Pathological changes induced in cerebrocortical neurons by phencyclidine and related drugs

Science. 1989 Jun 16;244(4910):1360-2. doi: 10.1126/science.2660263.


Phencyclidine (PCP), a dissociative anesthetic and widely abused psychotomimetic drug, and MK-801, a potent PCP receptor ligand, have neuroprotective properties stemming from their ability to antagonize the excitotoxic actions of endogenous excitatory amino acids such as glutamate and aspartate. There is growing interest in the potential application of these compounds in the treatment of neurological disorders. However, there is an apparent neurotoxic effect of PCP and related agents (MK-801, tiletamine, and ketamine), which has heretofore been overlooked: these drugs induce acute pathomorphological changes in specific populations of brain neurons when administered subcutaneously to adult rats in relatively low doses. These findings raise new questions regarding the safety of these agents in the clinical management of neurodegenerative diseases and reinforce concerns about the potential risks associated with illicit use of PCP.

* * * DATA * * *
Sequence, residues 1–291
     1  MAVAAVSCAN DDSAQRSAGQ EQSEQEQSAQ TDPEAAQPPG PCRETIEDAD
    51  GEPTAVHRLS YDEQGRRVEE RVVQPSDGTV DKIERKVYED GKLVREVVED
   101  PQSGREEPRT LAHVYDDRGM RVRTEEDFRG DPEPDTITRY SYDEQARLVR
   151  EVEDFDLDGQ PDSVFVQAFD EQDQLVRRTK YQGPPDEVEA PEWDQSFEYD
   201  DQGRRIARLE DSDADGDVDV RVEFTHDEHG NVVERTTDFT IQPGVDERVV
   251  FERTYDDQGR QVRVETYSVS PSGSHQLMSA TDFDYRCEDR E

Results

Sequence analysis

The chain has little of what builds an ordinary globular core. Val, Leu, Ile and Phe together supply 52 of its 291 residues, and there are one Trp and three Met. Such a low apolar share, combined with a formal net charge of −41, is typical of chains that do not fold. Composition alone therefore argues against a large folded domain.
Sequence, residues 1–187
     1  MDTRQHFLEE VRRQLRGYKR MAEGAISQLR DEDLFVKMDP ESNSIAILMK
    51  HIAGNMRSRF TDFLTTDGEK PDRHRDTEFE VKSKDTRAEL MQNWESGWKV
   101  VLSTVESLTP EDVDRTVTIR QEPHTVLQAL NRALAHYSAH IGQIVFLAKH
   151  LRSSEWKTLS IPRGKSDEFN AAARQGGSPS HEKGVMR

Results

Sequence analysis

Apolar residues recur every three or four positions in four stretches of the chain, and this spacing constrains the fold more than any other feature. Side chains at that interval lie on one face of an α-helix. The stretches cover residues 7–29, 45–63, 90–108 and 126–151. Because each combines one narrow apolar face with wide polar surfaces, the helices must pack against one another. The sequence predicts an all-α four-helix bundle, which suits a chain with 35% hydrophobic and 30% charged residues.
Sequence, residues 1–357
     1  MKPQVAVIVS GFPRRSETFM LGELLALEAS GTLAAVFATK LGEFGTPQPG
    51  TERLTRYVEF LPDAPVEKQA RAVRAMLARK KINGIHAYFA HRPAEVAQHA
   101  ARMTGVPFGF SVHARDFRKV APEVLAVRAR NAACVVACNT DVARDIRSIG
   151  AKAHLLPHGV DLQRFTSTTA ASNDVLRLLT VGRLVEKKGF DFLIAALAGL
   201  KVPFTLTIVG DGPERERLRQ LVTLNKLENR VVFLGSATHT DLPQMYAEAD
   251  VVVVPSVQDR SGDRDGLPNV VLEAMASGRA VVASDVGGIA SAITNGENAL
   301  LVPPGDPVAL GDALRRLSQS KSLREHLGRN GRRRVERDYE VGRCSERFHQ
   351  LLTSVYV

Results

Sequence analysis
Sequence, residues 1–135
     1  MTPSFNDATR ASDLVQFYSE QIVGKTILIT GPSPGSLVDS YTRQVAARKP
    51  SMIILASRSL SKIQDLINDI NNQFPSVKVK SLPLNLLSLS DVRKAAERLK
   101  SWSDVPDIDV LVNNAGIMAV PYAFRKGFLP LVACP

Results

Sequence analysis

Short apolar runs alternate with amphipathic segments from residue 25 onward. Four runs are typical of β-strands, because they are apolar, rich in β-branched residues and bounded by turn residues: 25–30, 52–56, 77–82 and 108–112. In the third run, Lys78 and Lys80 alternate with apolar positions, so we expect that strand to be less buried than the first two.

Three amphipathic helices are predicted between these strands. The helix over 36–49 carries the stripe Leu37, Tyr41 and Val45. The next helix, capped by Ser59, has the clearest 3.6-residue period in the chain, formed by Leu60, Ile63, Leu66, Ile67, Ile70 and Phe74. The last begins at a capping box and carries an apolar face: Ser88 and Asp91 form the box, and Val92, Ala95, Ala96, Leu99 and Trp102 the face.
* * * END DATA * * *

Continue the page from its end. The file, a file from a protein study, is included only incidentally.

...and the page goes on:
Publication types

  • Research Support, U.S. Gov't, P.H.S.

MeSH terms

  • Animals
  • Cerebral Cortex / cytology
  • Cerebral Cortex / drug effects*
  • Cerebral Cortex / pathology
  • Dibenzocycloheptenes / toxicity*
  • Dizocilpine Maleate
  • Female
  • Ketamine / toxicity
  • Male
  • Microscopy, Electron
  • Neurons / drug effects
  • Phencyclidine / toxicity*
  • Rats
  • Rats, Inbred Strains
  • Tiletamine / toxicity
  • Time Factors


  • Dibenzocycloheptenes
  • Tiletamine
  • Ketamine
  • Dizocilpine Maleate
  • Phencyclidine